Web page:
Irritable bowel syndrome (IBS) is a complex condition. Though it primarily impacts your digestive system, it can have a variety of causes, including problems with your nervous system, severe infections, stress, foods and more. Even that caffeine in your morning latte may be a trigger.
With symptoms such as abdominal pain, cramping, bloating, gas, diarrhea and constipation, it's not surprising that one of the primary triggers of IBS symptoms is diet. In fact, the Mayo Clinic lists it as one of the top three triggers of IBS symptoms, along with stress and hormones. Specifically, Mayo points to foods such as dairy products, citrus, cabbage, beans, wheat and carbonated beverages as potential triggers for IBS symptoms.
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"It's probably best to avoid gas-producing foods such as cruciferous vegetables, high sugars, high caffeine and high spices," says Lisa Ganjhu, DO, a gastroenterologist at NYU Langone Health in New York City. "All of these can stimulate an already-sensitive gut."
The Caffeine Connection
When it comes to caffeine and IBS, the evidence seems to point to a connection, although the messaging is somewhat mixed compared to what's known about foods that are clearly involved in triggering IBS symptoms.
Johns Hopkins Medicine, for example, lists caffeine among its top five food ingredients to avoid if you have irritable bowel syndrome. The rationale, Hopkins notes, is that caffeine can increase the risk for diarrhea, a primary symptom of IBS. For this reason, Hopkins recommends steering clear of foods such as tea, cola, coffee and even chocolate if you struggle with IBS symptoms.
"Some may benefit from reducing caffeine intake, as it can act as a stimulant and increase bowel movements," says Maya Feller, RD, CDN, a dietitian in private practice in Brooklyn, New York. NYU Langone Health also reinforces the notion that caffeine can be a potential IBS symptom trigger in some, grouping caffeine with alcohol and nicotine as ingredients that can stimulate the colon and lead to loose bowel movements or abdominal cramping.
Read more: A List of Foods That Contain Caffeine
However, NYU Langone Health also mentions that a number of sugars commonly found in foods may be more likely culprits than caffeine. These include what are known as FODMAPs — fermentable oligosaccharides, disaccharides, monosaccharides and polyols, which are types of carbohydrates that are not absorbed well by the intestines.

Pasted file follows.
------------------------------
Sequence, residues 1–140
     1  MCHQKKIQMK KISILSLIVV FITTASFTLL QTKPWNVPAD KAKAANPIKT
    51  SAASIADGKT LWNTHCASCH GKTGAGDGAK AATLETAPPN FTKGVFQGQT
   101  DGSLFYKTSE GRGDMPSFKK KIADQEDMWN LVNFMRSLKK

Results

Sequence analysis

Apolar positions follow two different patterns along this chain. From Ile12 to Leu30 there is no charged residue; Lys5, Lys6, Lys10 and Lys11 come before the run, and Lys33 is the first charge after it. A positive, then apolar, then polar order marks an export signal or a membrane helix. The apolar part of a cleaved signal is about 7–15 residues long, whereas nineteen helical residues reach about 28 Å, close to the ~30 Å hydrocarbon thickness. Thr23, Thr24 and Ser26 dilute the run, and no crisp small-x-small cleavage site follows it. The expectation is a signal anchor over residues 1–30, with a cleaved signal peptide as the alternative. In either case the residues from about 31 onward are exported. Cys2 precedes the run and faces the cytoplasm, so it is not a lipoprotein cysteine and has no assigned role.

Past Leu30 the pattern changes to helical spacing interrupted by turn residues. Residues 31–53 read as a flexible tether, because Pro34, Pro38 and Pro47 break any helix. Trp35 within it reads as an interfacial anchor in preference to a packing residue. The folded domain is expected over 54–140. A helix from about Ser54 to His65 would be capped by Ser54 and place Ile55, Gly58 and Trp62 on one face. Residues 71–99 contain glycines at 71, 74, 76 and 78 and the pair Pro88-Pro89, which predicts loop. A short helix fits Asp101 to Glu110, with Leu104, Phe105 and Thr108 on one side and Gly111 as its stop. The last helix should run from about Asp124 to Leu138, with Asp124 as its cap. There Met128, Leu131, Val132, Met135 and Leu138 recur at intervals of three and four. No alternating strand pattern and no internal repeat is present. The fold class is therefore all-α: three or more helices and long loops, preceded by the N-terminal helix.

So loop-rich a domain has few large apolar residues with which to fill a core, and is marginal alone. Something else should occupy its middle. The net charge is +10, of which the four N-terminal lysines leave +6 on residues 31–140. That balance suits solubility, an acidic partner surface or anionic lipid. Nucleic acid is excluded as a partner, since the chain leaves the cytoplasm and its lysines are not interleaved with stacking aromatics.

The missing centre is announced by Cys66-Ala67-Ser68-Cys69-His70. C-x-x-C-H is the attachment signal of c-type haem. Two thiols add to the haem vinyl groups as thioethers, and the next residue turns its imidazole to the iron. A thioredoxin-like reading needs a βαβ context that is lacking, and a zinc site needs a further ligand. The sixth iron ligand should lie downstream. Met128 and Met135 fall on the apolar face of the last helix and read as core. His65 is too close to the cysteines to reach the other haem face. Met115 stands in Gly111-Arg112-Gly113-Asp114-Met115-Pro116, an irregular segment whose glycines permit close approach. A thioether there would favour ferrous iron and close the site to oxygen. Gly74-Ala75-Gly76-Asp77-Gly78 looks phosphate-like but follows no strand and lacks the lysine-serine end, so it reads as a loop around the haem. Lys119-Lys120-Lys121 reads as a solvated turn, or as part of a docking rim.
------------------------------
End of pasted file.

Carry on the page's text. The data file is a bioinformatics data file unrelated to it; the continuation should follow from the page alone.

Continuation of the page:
Doctors may recommend that people try avoiding these foods by following a low-FODMAP diet, to see if that alleviates their IBS symptoms. This involves avoiding foods such as some fruits, dairy products, beans, processed foods containing high-fructose corn syrup and more.
Norman Robillard, PhD, a microbiologist, founder of the Digestive Health Institute in Watertown, Massachusetts, and a gut health expert, agrees that carbohydrates are more likely culprits of IBS symptoms than caffeine. "I have heard people say coffee is acidic and that it's irritating for the gut," he says. "In my own consultation practice, I find that most, not all, people with IBS who strictly control their dietary carbohydrate levels can tolerate some coffee."
In fact, Robillard notes that coffee and other sources of caffeine may actually be helpful for some individuals who are fighting certain specific IBS symptoms. "One instance where coffee/caffeine may help is with some cases of constipation," he says. "A significant number of people I have worked with over the years report that coffee helps them to stay regular."
Though it can get a little confusing, the bottom line on IBS symptoms and caffeine is this: If you think that caffeine is exacerbating your IBS symptoms, then it's worth a try to cut it out of your routine. If it doesn't seem to bother you, then there's probably no reason to worry about it.
"The role of caffeine in IBS is not clear," says Marta Ferraz Valles, RD, LD, a dietitian at the Institute for Digestive Health and Liver Disease at Mercy Medical Center in Baltimore. "Some studies have shown that coffee and tea are among the foods associated with symptoms for some patients with IBS. If this is the case for you, caffeine should be restricted or avoided."
Read more: 11 Foods to Avoid When You Have IBS
- Lisa Ganjhu, DO, gastroenterologist, Division of Gastroenterology and Hepatology, NYU Langone Health, New York City
- Maya Feller, MS, RD, CDN, dietitian, private practice, Brooklyn, New York
- Marta Ferraz Valles, MA, RD, LD, dietitian/nutritionist, Institute for Digestive Health and Liver Disease, Mercy Medical Center, Baltimore
- Norman Robillard, PhD, microbiologist, founder, Digestive Health Institute, Watertown, Massachusetts
- Mayo Clinic: “Irritable Bowel Syndrome”
- Johns Hopkins Medicine: “5 Foods to Avoid If You Have IBS”
- NYU Langone Health: “Dietary Changes for Irritable Bowel Syndrome in Adults”